The Labile Self

Marina Warner

  • Dressing Up: Cultural Identity in Renaissance Europe by Ulinka Rublack
    Oxford, 354 pp, £30.00, October 2011, ISBN 978 0 19 929874 7

A 17th-century comic print known as The Cure of Folly shows a surgery-cum-alchemical cabinet in which a doctor is treating patients: one is being administered mind-altering drugs; another is being fired and recast in a furnace. This one, a ‘gallant’ in a most elegant get-up, with little pointy moustaches, a lace ruff with multiple layers, soft boots with spurs, and a silk tunic fashionably slashed in both bodice and sleeves, is undergoing the procedure rather in the manner of a modern full body scan. As he lies there ‘the strange chimaera and crotchetts’ which have ‘made him mad’ fly up out of the chimney. The ills expelled include the pleasures and luxuries of the town: dice, hunting, bear-baiting, racquets, duelling, theatre, and the latest excesses of dress. The gallant youth must be purged of his love of puffed shorts, his hosepipe codpiece and flounced silk drawers. The female figure who appears in the rising miasma of his rakish misdeeds is recognisable from the fashion plates in the costume books that Ulinka Rublack vividly explores in Dressing Up. She is a Venetian courtesan, carrying a huge fan of feathers, her pert breasts hoisted above her farthingale to show them off.

Clothes and morals, dress and identity – both national (ethnicity) and social (rank) – spark a series of unfamiliar and arresting questions, which Rublack takes up with obvious pleasure. She likes her subject, finding the vagaries of clothing funny but important, seeming trifles that can reveal serious matters about society and self: ‘mode’ in the sense of custom and process (le mode) is thoroughly entangled with ‘mode’ in the sense of fashion (la mode, a term that entered German, she tells us, in mid-century). Every ribbon signals identity; every padded this or that proclaims status. Her field of inquiry opens on to matters of growing interest, including ‘the things things say’ (to borrow the title of a recent study by Jonathan Lamb), a culture’s techne or craft as an index of its level of civilisation, and the nature of self-consciousness before mirrors were commonly available. She wants to find out, she writes, what it felt like to be someone who wore these clothes. She taps the portraits of her subjects to make them give up information about ordinary daily experience and reads the messages they encode about religious particularism, class expectations and gender propriety. The implications of what she finds can be broadly applied, but the focus of her evidence is more narrow than the subtitle suggests: she draws principally on Nuremberg, Leipzig, Augsburg and other significant towns, like Luther’s Wittenberg. For this reason, prints that circulated throughout Europe tend not to feature in her study, and she fights shy of the propaganda attacks on extravagance and vanity so richly documented in Malcolm Jones’s superb catalogue, The Print in Early Modern England: An Historical Oversight (where The Cure of Folly is reproduced).[*] The places she studies were rich trading centres, some of them free cities rather than feudal possessions, and their inhabitants used clothing to establish a cohesive sense of decorum and self-esteem.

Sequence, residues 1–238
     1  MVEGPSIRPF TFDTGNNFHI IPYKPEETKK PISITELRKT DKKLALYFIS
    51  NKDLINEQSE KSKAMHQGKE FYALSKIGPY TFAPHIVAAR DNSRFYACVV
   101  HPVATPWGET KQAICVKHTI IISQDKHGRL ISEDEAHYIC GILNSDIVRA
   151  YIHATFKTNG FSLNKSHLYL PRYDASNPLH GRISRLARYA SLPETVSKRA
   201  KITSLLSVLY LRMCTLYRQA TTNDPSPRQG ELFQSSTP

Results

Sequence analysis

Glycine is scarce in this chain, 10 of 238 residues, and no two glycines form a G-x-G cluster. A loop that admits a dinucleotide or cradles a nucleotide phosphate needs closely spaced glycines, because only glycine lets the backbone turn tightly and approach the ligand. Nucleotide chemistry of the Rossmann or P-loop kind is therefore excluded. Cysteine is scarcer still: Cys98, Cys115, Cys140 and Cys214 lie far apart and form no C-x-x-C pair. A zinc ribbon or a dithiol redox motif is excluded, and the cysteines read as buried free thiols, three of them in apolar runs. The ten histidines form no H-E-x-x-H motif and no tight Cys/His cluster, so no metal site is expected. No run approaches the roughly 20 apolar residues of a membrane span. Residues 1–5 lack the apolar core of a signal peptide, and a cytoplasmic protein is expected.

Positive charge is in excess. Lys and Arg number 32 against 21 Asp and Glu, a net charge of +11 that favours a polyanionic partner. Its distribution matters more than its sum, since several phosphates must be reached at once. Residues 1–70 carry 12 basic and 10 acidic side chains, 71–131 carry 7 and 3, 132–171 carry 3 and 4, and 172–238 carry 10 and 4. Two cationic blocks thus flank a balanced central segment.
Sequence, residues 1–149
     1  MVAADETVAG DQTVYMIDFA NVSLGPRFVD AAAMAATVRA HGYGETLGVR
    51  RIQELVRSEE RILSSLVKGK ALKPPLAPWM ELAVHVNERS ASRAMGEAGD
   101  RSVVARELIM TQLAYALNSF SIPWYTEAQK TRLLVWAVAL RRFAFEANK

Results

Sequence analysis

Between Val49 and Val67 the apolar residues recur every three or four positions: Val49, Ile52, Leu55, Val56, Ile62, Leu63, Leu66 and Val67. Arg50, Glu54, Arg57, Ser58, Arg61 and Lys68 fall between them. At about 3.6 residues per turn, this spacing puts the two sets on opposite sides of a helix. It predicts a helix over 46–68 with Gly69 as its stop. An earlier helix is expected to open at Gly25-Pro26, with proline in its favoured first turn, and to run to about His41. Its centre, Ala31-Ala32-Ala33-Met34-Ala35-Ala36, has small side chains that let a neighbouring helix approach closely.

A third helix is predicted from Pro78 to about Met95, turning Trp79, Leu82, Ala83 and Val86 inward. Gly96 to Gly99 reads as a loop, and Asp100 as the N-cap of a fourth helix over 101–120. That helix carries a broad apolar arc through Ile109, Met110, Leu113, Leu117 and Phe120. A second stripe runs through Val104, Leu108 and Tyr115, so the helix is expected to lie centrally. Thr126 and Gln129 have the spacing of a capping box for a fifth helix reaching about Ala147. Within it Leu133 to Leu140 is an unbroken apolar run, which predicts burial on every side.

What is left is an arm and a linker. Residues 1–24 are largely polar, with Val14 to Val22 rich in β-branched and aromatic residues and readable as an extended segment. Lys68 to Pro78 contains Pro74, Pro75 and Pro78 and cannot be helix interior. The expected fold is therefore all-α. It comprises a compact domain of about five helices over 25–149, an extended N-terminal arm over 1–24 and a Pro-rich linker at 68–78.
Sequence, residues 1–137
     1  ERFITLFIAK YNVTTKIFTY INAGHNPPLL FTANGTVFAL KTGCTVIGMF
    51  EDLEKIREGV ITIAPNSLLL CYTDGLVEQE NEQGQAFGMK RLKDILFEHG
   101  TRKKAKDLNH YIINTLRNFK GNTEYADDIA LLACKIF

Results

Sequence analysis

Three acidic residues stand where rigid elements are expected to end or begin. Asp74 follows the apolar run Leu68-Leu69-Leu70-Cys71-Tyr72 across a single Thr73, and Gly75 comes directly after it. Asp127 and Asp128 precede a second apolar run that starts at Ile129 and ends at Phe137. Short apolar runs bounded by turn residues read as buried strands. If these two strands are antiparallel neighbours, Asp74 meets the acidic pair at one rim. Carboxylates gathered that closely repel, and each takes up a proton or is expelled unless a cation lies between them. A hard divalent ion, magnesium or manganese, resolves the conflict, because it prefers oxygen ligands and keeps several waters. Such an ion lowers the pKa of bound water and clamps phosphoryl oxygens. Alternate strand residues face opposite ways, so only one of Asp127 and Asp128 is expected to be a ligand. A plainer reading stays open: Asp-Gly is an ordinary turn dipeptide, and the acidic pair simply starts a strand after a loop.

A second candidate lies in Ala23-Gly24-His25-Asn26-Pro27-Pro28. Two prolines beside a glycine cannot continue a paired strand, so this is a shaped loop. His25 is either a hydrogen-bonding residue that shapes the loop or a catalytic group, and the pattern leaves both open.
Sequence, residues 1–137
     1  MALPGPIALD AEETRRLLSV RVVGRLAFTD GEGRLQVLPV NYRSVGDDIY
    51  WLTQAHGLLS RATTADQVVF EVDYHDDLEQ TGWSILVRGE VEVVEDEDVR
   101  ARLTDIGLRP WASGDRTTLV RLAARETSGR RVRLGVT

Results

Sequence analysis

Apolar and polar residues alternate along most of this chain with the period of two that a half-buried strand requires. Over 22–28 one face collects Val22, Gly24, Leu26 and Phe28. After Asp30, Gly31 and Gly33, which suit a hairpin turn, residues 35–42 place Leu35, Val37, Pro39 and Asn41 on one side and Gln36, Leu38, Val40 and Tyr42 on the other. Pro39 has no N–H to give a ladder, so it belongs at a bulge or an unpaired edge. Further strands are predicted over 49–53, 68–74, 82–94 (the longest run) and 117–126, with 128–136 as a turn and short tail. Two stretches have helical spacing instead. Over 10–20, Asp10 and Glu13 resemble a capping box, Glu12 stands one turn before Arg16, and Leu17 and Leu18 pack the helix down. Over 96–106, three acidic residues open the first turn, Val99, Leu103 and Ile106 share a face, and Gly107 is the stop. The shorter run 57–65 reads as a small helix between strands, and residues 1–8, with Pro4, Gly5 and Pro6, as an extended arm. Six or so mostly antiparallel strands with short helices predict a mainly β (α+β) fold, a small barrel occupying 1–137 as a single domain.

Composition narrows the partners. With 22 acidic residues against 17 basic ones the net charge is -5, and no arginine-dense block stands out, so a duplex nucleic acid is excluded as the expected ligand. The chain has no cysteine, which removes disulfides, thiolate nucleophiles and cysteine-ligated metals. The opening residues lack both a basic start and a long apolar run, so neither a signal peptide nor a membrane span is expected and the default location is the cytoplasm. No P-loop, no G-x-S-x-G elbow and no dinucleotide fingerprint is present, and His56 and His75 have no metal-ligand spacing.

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[*] Yale, 352 pp., £45, May 2010, 978 0 300 13697 5.